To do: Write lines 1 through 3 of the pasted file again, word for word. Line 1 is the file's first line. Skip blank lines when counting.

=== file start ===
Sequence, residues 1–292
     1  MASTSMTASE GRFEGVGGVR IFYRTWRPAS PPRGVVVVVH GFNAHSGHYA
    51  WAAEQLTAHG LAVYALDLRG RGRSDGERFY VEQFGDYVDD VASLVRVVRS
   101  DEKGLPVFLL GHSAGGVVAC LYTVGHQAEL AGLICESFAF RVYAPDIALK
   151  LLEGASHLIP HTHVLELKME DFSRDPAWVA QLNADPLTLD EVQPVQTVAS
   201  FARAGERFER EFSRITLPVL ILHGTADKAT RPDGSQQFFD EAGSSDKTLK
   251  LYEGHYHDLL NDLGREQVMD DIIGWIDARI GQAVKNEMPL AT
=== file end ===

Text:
Sequence, residues 1–292
     1  MASTSMTASE GRFEGVGGVR IFYRTWRPAS PPRGVVVVVH GFNAHSGHYA
    51  WAAEQLTAHG LAVYALDLRG RGRSDGERFY VEQFGDYVDD VASLVRVVRS